The Senate is set to adjourn for its summer break by midnight on Tuesday, and despite the federal government pushing to see all of their priority pieces of legislation pass, two key bills are set to stall out as senators say they merit more fulsome study.

The Senate is set to adjourn for its summer break by midnight on Tuesday, and despite the federal government pushing to see all of their priority pieces of legislation pass, two key bills are set to stall out as senators say they merit more fulsome study.
Bill C-12, which will put into law Canadas greenhouse gas emissions targets, passed its third and final reading on Tuesday afternoon, and Bill C-30, which implements the 2021 budget commitments, including pandemic aid extensions, followed suit Tuesday night.
Both had received a pre-study in which senators were able to assess the legislative proposals, in general, before the document was actually before them. However, still some senators raised concerns about feeling as if the federal government was asking them to rubber stamp wide-spanning bills in a short timeframe.
Though two other bills are likely to be left in limbo and potentially left to die if an election is called in the coming months: Bill C-6, which seeks to restrict the harmful practice of conversion therapy for LGBTQ2S+ folks, and Bill C-10, the controversial Broadcasting Act changes.
Both passed into the Senate at the eleventh hour of the House of Commons sitting last week, and despite some initial debate, two pieces of legislation are unlikely to make it further than entering the committee study stage before senators rise or log off from their hybrid sitting for the summer.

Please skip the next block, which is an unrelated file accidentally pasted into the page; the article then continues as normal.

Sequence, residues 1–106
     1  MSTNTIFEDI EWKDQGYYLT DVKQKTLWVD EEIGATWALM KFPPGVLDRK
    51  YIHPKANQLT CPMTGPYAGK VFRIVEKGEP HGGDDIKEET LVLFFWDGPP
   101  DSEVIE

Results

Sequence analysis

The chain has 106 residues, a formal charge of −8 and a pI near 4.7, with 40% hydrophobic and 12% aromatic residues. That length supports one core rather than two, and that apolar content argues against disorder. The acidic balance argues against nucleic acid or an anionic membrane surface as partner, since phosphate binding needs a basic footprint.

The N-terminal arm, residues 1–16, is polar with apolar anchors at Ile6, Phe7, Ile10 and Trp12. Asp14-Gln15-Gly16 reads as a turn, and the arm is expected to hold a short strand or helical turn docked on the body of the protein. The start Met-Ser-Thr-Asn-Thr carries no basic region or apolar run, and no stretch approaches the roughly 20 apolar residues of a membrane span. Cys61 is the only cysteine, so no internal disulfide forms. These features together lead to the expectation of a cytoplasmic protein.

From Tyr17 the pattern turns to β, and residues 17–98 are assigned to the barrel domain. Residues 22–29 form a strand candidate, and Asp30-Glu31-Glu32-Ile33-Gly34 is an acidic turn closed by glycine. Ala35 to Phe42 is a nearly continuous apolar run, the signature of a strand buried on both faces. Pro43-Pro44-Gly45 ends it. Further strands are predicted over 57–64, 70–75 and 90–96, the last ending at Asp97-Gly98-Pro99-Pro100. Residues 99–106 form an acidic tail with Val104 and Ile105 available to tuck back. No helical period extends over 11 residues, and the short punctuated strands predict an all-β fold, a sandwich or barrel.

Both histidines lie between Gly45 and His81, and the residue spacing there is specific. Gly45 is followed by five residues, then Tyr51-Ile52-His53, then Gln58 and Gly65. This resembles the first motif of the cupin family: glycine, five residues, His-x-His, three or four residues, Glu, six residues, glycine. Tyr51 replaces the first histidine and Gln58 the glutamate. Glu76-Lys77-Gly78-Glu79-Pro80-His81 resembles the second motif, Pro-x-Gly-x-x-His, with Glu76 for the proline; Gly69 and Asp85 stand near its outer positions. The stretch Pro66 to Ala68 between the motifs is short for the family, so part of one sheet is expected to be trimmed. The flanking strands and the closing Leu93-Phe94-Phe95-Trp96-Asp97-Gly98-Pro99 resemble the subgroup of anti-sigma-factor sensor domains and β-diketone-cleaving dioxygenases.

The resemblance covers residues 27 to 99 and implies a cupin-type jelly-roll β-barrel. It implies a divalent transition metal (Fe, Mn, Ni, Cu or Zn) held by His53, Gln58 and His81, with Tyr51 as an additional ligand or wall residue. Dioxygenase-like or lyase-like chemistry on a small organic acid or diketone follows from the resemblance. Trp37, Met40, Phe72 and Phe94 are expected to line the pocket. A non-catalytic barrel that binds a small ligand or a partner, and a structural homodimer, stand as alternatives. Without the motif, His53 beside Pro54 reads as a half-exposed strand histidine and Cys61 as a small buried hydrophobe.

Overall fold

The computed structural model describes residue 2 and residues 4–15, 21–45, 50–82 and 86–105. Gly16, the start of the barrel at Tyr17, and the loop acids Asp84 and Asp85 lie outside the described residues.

After sitting late into the night on Monday, the Senate passed Bill C-6 from second reading into the Senate Legal and Constitutional Affairs Committee where a study is to be conducted before it could advance further.
Bill C-10 passed into committee on Tuesday afternoon, putting it in the hands of the senators who make up the Senate Transport and Communications Committee to decide how to proceed.
The Senate could sit late into the night on Tuesday and it’s possible a last-minute deal could be reached, though in absence of continued work over the coming weeks, both bills are set to languish in the upper chamber. This makes their fate subject to a much-speculated late summer or early fall election call. Any bills left in either the House or Senate that have not passed when a Parliament is dissolved, die. They would have to be re-tabled and work their way through all legislative stages again before becoming law.
Should either a C-10 or C-6 study kick off and be completed this summer, the entire Senate would still need to be recalled following the committee study in order to vote on the bills at the final legislative stages. If any amendments were made the bills, they would have to go back to the House, potentially kicking off a back-and-forth between the two chambers.
Senators have been signaling for some time that they want to dive deeply into the contentious broadcasting bill to be able to propose amendments of their own, and rejected calls from Heritage Minister Steven Guilbeault to fast-track it, setting up the expectation that it could stall out over the summer.
During debate, Senators spoke about how imperative it is for the Senate to hear from those who this bill will impact directly and assess for themselves the effects of the proposed legislation, with some support for the idea of sitting over the summer to accelerate that process.
However, committee chair and Conservative Sen. Michael MacDonald told on Tuesday that at this point, the earliest that the committee may try to resume study of Bill C-10 would be the week before the House is scheduled to resume in September, if an election isnt called. He cast doubt on the prospect that a full-force weeks-long summer study of the legislation would be agreed to by Senate leadership from all sides before adjournment.